Here is the registration form for the Police Academy in Bergen County, where I used to work:

      http://policeregistration.bergen.org/index.php

      It tells you the names of the classes, but gives an uniformative course description, no access to syllabi, no identification of the instructor, no list of credentials. Compare that to requirements for any college-level class. We (academics) are micro-managed; they are left to do as they please. But surely, if anything, it should be the other way around? No one is going to kill anyone based on what I teach them in critical thinking. But people could get killed based on what’s taught in the police academy.

      Yet another set is curricular at a different level. Though police departments do not technically require a college BA, it’s recognized that a BA is required for advancement in law enforcement. The issue is not, to my mind, whether we should require a BA for entry, but the content of what is taught in that BA. College departments of criminal justice are typically little more than vocational schools for police/correctional officers–an island of unapologetic vocational training within what are supposed to be liberal arts institutions. The students who enroll have this picture that a BA in CJ is their ticket into the police academy, and many CJ departments oblige them. I’ve taught students like this for about 15 years. They need an attitude change right there. You can, right there at the outset, figure out which ones of them will become problems the minute you give them a badge and a gun. The Deans paid to supervise these departments should be asked hard questions about what they’re doing. How does CJ fit into the broader mission of the liberal arts? Why is it that criminal justice majors habitually equate “criminal justice” with “law enforcement”? They’re not really the same thing. What are Deans and Provosts doing about that?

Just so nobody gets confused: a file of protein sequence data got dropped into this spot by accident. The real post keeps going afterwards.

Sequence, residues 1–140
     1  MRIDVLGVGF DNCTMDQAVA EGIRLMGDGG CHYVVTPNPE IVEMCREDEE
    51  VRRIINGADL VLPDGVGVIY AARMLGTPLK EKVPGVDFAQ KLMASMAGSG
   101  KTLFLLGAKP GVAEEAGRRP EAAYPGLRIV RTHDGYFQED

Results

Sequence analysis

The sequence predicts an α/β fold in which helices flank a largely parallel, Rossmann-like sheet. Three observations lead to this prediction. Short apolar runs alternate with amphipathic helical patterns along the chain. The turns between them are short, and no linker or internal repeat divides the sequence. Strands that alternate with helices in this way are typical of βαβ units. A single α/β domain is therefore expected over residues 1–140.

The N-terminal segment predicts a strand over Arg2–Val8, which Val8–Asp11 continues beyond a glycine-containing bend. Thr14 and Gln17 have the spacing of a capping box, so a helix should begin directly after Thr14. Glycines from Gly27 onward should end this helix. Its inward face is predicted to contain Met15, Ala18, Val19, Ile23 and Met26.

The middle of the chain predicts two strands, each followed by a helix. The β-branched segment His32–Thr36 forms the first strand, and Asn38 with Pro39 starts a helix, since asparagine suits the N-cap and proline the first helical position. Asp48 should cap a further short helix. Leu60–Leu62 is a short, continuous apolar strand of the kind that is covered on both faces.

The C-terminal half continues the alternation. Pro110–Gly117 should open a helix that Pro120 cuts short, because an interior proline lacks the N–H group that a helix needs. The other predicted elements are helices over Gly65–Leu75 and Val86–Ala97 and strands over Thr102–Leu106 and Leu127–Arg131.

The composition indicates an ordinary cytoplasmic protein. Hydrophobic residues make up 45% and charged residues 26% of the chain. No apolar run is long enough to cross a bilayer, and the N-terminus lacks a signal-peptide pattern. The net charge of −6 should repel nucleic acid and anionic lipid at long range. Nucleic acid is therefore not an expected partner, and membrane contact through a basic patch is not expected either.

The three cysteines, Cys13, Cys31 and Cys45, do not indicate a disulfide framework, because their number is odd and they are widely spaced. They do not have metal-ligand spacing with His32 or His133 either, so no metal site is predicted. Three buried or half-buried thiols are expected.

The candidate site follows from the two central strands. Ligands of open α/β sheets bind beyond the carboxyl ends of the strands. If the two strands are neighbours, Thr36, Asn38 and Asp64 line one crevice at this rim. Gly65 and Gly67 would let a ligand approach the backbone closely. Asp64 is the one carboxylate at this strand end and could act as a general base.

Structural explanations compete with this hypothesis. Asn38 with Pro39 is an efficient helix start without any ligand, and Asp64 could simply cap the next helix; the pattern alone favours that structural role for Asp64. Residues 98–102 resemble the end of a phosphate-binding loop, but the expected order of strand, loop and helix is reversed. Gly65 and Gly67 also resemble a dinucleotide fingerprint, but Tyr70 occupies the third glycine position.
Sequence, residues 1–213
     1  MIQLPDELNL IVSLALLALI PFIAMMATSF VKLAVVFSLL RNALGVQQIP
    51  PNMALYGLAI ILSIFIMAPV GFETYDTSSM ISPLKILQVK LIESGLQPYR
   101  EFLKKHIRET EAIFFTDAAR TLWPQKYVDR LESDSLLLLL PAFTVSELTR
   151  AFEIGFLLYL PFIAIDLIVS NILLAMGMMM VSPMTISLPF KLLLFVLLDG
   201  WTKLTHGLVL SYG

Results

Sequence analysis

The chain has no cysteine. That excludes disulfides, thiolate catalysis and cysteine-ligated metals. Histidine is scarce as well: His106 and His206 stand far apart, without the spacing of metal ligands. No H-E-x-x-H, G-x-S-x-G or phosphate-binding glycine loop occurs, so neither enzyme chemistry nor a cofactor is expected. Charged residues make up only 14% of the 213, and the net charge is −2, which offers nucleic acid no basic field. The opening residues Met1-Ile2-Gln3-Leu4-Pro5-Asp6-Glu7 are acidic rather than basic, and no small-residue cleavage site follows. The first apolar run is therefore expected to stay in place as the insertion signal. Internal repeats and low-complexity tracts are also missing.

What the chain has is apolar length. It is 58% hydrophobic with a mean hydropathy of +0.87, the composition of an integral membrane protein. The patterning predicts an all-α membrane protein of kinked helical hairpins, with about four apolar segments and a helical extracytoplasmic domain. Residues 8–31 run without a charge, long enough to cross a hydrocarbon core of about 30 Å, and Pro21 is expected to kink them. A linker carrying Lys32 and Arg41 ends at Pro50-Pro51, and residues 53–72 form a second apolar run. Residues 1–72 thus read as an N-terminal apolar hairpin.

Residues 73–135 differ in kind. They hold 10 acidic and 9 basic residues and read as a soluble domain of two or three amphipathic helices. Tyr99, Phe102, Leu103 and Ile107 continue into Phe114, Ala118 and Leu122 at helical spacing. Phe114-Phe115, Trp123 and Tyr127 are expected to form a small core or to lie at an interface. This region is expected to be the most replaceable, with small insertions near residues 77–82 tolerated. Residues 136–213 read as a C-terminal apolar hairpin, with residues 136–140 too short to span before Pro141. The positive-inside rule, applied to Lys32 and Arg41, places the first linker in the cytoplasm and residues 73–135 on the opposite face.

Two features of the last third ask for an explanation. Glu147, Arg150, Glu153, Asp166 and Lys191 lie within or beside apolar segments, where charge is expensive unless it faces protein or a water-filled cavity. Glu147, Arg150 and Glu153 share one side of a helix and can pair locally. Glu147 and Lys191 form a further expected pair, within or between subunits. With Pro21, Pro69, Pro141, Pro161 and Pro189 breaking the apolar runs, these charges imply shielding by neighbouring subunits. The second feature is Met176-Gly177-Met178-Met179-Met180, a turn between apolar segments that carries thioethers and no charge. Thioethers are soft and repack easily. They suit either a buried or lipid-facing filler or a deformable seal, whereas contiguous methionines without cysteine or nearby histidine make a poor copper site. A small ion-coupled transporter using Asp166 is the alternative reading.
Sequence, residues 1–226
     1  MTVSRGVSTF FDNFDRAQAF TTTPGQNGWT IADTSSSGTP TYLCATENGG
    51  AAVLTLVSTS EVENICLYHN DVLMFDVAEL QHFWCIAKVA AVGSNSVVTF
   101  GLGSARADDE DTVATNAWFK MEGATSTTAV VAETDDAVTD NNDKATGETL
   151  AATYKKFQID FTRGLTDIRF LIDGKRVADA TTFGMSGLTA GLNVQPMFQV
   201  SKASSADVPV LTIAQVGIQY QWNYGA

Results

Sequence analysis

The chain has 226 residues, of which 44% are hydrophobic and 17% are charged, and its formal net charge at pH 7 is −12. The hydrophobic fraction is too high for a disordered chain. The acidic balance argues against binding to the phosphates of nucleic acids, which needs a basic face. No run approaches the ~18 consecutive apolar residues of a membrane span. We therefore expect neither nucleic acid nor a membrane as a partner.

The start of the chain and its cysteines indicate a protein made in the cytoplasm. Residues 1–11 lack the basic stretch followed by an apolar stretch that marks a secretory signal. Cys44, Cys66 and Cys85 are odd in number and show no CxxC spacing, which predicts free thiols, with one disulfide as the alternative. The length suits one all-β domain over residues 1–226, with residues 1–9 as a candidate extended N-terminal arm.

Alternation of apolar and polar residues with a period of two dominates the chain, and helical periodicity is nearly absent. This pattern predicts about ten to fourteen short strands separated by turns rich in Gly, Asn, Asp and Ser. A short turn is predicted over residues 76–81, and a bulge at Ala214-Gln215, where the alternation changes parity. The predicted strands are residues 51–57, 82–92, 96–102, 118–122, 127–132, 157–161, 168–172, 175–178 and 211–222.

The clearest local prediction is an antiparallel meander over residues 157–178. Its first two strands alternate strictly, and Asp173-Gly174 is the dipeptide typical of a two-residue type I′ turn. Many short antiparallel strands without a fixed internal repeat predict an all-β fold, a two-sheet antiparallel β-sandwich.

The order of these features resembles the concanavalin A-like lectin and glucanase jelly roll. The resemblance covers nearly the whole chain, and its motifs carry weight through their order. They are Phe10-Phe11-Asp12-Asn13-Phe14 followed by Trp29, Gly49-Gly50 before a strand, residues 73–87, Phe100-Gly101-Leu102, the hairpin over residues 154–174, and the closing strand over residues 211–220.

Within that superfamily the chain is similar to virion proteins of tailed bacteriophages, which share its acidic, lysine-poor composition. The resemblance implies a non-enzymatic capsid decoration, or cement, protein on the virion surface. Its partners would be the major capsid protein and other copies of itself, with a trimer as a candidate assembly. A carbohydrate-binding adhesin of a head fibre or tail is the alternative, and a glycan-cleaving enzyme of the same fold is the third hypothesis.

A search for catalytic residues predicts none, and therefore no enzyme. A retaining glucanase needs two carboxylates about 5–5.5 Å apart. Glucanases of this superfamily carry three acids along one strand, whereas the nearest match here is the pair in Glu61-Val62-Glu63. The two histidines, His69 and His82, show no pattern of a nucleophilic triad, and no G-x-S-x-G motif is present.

Finally, we need to either get the police out of K-12 classrooms, or else demand that if they are going to show up to teach classes on “respect for law,” (or the badness of drugs, or whatever) the same institutions absolutely must give civil libertarians equal time–no excuses. It is unconscionable that the Community Affairs divisions of local police departments have been allowed to waltz into K-12 schools to propagandize and recruit students with no push-back, no alternative points of view, nothing but acquiescence. The students who emerge from this brainwashing do so with really crazy, one-sided ideas about law enforcement.

      That’s not meant to be exhaustive, or meant to suggest that my list of intended reforms is better than anyone else’s, or has higher priority. My point is, you can’t put this list into place without getting buy-in from cops themselves. Cops control HR within police departments. Cops teach in the Police Academy. Often enough, cops teach as adjuncts in college CJ programs. And cops staff Community Affairs and Internal Affairs. There is no viable route to police reform that doesn’t go through cops themselves. There is no list of decrees that can be imposed on them from the outside that will somehow work its magic unless they themselves (or some critical mass of them) accept its legitimacy. So one basic pre-condition of reform is a generalized atmosphere of trust conducive to a firm but business-like negotiation with them. A discourse of cleverish cheap shots is not conducive to that, and will not be productive of reform.

      Here’s a local civil rights veteran taking basically the same line–or rather, I’m the one taking his line:

      https://www.njtvonline.org/news/video/former-nj-secretary-of-state-on-george-floyd-protests/

      Liked by 1 person

      • Thanks for that comment, Irfan. Lots of good stuff there. From my own experience, I agree with you about progress. The police (and really the entire city government) in Providence has gone from corrupt/thuggish to pretty good in the course of the last 30 years or so. Our police are considered a model force. With some exceptions, my dealings with them have been good. They are very professional (even when not as competent as I would like). Maybe ten years ago a pretty “green” police officer was killed by a sucker-punch, square on the face, head to the pavement. An old-school “bastard” cop probably would not have had this happen because he would be poised to treat every lawbreaker as a potentially deadly enemy, would be doing all the semi-asshole things to control the situation and instill respect/fear, etc. (not to say that there is not a better “middle ground” — there probably is; and for all I know the cop who got killed like this was doing some good version of maintaining control/authority, exhibiting adequate caution, etc. — and just ran up against the wrong guy or got unlucky).